As a result it has been a disaster for producing top order batsmen and spin bowlers, the first because they feel the need to take risks in the belief that there is a ball with their name on it; the latter because seam bowling tends to take the lion’s share of the wickets and they don’t get much of a look in, either in selection or during the match.
If pitches are deliberately prepared to turn, as Somerset did with theirs at Taunton recently, they are criticised and then penalised. To monitor such things, the England and Wales Cricket Board have a network of Cricket Liaison Officers (CLOs) at every game to report on the standard of pitches, umpires and player behaviour.
All CLOs are former cricketers and therefore likely to be more lenient towards a seaming pitch in their reports than a rank turner, because that’s the way it has always been. Yet my source, a former player himself, reckons that pitches are skewed towards seam bowling far more than they used to be.
“Just about everyone does it,” he says, “and it’s affecting the quality of our batsmen and spin bowlers.” He also says it is not the early scheduling of matches in April and May that is necessarily at fault though that doesn’t help. “Pitches have seamed about whatever time of year the match has been played.”
Stricter policing might help. The traditional toss was dispensed with after 2015, a season in which 21 batsmen passed 1,000 runs across both divisions of the Championship. It certainly made an impact in its first year, with 29 batsmen passing 1,000 runs during the 2016 season. Then, perhaps as teams found ways of pushing that particular envelope, a steep drop to 10 batsmen reaching 1,000 runs in 2017 and then a further reduction to just five doing so in 2018.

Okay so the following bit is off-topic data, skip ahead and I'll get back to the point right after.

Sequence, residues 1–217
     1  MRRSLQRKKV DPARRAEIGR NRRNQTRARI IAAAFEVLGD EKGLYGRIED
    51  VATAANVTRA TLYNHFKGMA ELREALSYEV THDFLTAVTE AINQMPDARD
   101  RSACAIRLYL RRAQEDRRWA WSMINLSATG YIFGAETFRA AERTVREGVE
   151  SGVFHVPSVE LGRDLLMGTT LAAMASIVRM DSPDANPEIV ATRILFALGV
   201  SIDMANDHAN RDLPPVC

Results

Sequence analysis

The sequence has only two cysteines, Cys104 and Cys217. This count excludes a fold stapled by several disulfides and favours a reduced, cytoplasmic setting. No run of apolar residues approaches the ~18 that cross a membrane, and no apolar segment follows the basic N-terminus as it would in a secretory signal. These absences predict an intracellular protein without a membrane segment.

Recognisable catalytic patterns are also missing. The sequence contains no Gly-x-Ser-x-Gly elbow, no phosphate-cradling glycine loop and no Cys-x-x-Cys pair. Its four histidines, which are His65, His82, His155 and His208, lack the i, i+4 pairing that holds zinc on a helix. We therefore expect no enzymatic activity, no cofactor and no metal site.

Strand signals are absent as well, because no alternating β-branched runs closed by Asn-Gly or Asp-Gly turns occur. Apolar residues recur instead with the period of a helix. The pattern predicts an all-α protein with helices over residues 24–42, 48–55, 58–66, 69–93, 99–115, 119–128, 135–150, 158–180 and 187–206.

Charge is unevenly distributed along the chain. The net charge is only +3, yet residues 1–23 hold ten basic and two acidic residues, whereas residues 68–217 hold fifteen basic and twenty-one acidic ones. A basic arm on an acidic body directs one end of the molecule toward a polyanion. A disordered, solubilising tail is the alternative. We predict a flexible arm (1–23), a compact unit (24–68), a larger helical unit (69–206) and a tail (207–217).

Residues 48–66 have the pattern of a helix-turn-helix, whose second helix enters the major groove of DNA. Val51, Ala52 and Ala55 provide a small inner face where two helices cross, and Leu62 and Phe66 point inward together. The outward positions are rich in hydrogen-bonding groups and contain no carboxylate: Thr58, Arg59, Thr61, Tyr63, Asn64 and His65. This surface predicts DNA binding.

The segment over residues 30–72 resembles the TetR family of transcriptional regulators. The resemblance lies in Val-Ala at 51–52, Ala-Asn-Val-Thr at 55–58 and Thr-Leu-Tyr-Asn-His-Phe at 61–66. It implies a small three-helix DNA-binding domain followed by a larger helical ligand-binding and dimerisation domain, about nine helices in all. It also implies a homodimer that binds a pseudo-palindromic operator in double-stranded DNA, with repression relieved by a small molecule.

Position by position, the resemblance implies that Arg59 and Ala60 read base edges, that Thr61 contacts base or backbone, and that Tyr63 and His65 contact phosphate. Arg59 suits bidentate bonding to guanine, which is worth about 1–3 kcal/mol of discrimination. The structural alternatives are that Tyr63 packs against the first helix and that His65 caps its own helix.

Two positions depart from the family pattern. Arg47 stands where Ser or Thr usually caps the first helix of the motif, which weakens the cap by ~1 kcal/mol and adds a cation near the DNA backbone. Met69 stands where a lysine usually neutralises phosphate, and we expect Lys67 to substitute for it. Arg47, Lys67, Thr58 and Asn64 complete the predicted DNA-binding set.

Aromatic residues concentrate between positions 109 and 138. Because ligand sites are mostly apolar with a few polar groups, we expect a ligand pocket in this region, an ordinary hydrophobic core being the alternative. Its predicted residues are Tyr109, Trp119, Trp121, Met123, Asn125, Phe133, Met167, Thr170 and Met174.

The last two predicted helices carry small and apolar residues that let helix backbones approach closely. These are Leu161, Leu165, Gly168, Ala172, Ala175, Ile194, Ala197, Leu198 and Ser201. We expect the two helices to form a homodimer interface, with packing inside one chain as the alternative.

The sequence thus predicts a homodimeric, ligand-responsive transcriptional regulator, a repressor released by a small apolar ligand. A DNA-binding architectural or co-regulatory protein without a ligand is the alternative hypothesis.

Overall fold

Those fabulous five by the way were: Rory Burns of Surrey, Ian Bell of Warwickshire, James Hildreth of Somerset, Ben Slater of Derbyshire and Notts and Wayne Madsen, also of Derbyshire.
One slight mitigation for batsmen in those last two years is that they played two games fewer than those in the more recent years under consideration. Yet even so, the reduction in the numbers of those notching 1,000 runs in the Championship is stark.
Of course it would be unfair to blame it all on seaming pitches. A shift in the zeitgeist, generally, among batsmen into adopting the aggressive strokes of white-ball cricket at the expense of defensive technique, has not helped consistency. But then, when you marginalise the red-ball game to highlight the white, as the ECB have done, what do you expect?
As more than one person has pointed out in the wake of England’s defeats to West Indies, the ‘leave’ has more or less gone out for the game with shouldering arms rarer than a smiling Jimmy Anderson. Of course, Joe Denly got the leave out during the second Test though he badly misjudged the line after the ball from Alzarri Joseph plucked out his off-stump.
Without the leave a bowler’s job becomes much easier, knowing that however many balls he sends down outside off-stump most have a chance of being nibbled at and that he’s not just wasting energy. Maybe County Cricket should shoulder some of the blame for the batsman’s role in that. But mostly, the responsibility for doing something and then changing it has to come from within.
DEREK PRINGLE | GETTY IMAGES